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Backups, as far as many folks are concerned, are one of the most boring topics imaginable. Of course, that only extends to the point at which you need them; then they’re still boring, but you really really hope you have them. Most of the time, backing up your data is simple–if you’re at home, get an external drive, plug it into your machine, and make sure you back things up regularly.  If you’re at work, things often get a lot simpler than that: someone from IT provides you with a backup solution or even makes it happen without your needing to intercede. At work, backups become something of an assumed thing (provided that you’re not the person in IT who’s administrating them). Things only start to get sticky when you take that work computer home.

Imagine a situation in which your employer has issued you a laptop for work (not too hard to do, I should think). Because it’s portable, and maybe because it’s a better machine than what you own, you use it for non-work purposes, loading it with personal documents, photos, music, maybe even games. Depending on your organizational ethic, some of these personal files may be mixed in with your work documents (which are often considered to be the property of your organization, though your mileage may vary from this hypothetical situation). With your personal files mixed in with work files, your employer is now spending disk space on backing up non-essential (from their point of view) files; this is also probably known as wasting that space inside the walls of your tech office.

Yes, storage is cheap, but implementing that storage still takes time, which raises the question of how to deal with the issue of backing up only the files which your company can claim ownership over. Yes, you can issue backup drives to employees and put the onus of backups on them, but that raises its own set of problems.  User error happens, and often even the most vigilant of users will forget to make that backup at some critical juncture. Even trusting your users and stressing to them that they are responsible for their own backups, there are some users whose files are too important in one way or another to trust only to their own backups.  Too many users carry their backup drive, if it’s easily portable, in the same bag as their laptop, thus ensuring total loss of data in the event of a theft.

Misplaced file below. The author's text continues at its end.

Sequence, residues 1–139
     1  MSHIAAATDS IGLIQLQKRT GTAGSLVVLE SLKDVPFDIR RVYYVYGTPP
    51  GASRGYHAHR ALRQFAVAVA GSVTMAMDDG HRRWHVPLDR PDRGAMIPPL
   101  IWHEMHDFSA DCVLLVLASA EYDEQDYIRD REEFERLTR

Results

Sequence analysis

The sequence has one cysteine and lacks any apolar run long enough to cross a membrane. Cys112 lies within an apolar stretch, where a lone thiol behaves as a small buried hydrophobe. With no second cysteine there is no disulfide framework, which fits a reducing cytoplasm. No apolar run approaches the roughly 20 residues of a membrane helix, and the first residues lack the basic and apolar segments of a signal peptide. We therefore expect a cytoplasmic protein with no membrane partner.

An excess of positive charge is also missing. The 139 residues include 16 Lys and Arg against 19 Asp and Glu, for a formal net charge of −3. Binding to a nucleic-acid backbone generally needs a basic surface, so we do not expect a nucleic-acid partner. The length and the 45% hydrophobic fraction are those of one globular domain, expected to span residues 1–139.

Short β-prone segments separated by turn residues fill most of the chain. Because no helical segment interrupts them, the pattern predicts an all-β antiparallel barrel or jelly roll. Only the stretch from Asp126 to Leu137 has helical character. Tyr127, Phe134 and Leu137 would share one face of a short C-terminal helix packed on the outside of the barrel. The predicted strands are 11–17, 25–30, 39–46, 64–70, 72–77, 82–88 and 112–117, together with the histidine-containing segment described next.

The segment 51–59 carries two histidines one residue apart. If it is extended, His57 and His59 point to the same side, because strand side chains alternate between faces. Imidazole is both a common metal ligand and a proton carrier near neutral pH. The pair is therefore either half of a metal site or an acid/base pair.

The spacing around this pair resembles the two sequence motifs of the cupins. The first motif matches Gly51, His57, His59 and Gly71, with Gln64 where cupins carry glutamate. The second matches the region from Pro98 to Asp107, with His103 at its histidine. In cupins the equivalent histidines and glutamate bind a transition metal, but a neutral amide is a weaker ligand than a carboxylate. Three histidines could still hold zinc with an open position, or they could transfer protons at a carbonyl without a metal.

Cloud storage would seem to be a solution: just drop your files into a special folder, and they’re automagically available anywhere you have internet.  The problem comes back to separating personal data from work data, specifically in the event of employee termination or retirement. Not all cloud storage is created equal, and the most well-known solutions are mostly consumer/individual-oriented rather than enterprise-oriented. For Google Apps organizations, Drive is a fine solution, though it has its limits–permissions are nowhere near as fine-grained as you would find in a Windows domain or a UNIX-like filesystem, which presents a problem in more security-oriented organizations where a data breach could have serious consequences. If data is on a Drive account managed by a company’s domain, it is still recoverable if an employee leaves. This is not possible, though, with personal Google accounts, Dropbox, or other such services.

In the end, there isn’t any one easy solution–a robust data security/recovery strategy requires several levels and different considerations for different groups of users. No two organizations are likely to have exactly the same needs, but the questions should be largely the same.

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